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Bishop says that the Church has forgotten the poor

Posted on: August 4, 2017 2:36 PM
Bishop Philip North
Photo Credit: Diocese of Blackburn

The Bishop of Burnley in the north-west England diocese of Blackburn, has accused priests of deserting the nation’s poor and working class areas. In a speech at the evangelical New Wine festival, Bishop Philip North told the stories of people who had come to faith through ministry in deprived areas, before saying: “I could tell plenty of stories like that, stories where people from hard backgrounds living in the toughest parts of the country have come to faith in Jesus Christ through passionate and committed Christian ministry which has combined service and proclamation. What worries me though . . . is the stories I cannot tell.”

He continued: “You see in the inner urban areas and outer estates of our nation there are countless people . . . whose lives are in a mess, who need the saving news of Jesus Christ but who will never hear it. And why not? Because there is no Christian community to proclaim, or because that community is so weak that it has given up.”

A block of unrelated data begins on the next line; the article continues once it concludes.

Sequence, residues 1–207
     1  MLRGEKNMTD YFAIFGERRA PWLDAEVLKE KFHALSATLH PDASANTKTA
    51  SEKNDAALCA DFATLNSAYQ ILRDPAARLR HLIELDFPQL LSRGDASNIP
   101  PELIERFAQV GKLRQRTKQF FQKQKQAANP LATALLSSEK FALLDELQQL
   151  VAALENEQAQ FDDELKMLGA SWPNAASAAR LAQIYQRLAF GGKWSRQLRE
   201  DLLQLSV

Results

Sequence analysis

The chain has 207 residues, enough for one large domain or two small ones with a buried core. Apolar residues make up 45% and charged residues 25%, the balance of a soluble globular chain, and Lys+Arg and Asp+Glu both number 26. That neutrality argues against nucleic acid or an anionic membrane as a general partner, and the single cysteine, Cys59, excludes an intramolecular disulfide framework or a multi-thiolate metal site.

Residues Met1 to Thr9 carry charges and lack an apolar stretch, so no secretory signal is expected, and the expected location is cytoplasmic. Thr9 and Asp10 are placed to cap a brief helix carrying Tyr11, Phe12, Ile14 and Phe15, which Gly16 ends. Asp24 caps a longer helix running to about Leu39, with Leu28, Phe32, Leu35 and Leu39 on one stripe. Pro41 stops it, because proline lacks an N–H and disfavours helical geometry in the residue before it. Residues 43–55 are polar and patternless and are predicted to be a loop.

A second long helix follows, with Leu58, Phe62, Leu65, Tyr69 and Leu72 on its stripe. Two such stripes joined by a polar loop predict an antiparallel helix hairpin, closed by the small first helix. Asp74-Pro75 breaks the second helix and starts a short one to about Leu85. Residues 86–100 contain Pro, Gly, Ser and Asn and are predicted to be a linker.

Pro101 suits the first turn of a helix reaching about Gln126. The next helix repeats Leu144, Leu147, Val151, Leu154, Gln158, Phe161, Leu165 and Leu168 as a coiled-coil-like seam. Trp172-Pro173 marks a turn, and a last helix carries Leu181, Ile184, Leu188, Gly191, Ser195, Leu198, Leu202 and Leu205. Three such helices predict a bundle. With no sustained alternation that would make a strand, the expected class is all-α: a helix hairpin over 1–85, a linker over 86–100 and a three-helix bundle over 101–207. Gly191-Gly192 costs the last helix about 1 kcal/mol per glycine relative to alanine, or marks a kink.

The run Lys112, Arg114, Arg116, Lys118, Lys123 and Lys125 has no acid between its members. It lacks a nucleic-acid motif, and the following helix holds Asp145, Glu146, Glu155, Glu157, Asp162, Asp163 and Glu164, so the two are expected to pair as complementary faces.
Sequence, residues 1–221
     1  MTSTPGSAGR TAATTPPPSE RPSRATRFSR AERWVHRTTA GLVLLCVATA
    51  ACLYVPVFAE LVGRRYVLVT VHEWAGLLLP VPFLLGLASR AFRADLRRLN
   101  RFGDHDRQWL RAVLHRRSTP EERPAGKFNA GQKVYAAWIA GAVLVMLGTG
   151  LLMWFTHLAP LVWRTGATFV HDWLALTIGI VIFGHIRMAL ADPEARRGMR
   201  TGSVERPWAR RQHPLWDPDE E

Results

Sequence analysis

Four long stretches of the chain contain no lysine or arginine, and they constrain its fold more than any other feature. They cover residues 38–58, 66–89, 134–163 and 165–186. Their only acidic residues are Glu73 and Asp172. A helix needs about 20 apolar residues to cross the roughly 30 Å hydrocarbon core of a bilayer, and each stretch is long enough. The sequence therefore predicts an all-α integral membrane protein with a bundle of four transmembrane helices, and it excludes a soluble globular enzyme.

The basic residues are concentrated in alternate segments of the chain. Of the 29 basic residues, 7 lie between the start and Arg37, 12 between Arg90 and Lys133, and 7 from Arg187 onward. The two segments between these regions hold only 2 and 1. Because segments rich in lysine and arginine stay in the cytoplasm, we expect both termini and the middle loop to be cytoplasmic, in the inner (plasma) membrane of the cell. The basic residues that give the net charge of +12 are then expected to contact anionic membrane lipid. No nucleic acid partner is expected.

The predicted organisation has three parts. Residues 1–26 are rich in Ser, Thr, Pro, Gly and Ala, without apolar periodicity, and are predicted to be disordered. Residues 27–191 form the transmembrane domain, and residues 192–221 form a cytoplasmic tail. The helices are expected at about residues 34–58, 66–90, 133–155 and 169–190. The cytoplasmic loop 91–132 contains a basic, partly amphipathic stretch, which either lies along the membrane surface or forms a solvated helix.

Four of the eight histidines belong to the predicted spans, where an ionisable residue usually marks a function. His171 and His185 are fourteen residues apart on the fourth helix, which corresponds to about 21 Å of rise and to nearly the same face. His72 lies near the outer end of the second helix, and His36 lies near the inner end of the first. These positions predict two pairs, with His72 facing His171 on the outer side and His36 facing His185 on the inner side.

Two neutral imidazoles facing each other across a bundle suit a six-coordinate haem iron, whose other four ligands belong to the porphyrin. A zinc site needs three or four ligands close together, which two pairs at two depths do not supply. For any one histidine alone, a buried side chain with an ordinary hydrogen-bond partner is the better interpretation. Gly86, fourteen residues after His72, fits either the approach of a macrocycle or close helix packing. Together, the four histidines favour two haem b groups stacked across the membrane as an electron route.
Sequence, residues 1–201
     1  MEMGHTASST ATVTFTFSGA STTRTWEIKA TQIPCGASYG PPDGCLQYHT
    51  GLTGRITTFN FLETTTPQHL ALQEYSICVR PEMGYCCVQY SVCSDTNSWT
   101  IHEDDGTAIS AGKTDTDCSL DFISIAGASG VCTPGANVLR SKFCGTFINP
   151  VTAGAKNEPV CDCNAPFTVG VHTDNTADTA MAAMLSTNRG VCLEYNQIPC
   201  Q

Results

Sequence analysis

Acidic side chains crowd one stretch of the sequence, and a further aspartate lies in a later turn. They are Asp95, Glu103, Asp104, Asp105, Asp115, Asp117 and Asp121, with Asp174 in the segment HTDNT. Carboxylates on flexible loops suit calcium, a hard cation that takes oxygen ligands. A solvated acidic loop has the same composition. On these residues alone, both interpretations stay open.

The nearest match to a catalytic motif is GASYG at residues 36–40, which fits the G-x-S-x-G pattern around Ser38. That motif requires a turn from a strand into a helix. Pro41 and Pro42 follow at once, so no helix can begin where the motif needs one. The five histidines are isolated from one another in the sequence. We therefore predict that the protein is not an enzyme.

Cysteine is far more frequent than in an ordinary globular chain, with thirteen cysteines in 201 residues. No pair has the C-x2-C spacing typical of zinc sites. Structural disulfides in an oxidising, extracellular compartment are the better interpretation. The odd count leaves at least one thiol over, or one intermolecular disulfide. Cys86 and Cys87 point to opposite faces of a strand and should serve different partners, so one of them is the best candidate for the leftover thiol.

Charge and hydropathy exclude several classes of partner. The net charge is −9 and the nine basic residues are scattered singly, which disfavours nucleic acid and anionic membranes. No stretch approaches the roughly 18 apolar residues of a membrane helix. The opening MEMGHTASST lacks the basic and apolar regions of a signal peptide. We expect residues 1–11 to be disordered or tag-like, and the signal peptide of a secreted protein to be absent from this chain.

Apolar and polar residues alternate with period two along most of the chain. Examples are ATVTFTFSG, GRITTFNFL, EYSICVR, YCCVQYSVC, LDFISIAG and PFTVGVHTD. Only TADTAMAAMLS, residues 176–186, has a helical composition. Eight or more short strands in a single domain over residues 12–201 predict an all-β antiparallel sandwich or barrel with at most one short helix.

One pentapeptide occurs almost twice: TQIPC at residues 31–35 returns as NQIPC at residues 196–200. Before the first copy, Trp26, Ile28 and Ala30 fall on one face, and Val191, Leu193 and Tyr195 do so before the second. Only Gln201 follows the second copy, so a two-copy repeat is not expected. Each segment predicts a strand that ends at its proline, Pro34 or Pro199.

After quoting St Paul’s question in Romans 10, “How shall they hear without a preacher?”, Bishop Philip said: “The simple and hard truth is that, in the poorest parts of the country, we are withdrawing the preachers. The harvest is rich, but the labourers have been re-deployed to wealthier areas. We are seeing the slow and steady withdrawal of church life from those communities where the poorest people in our nation live.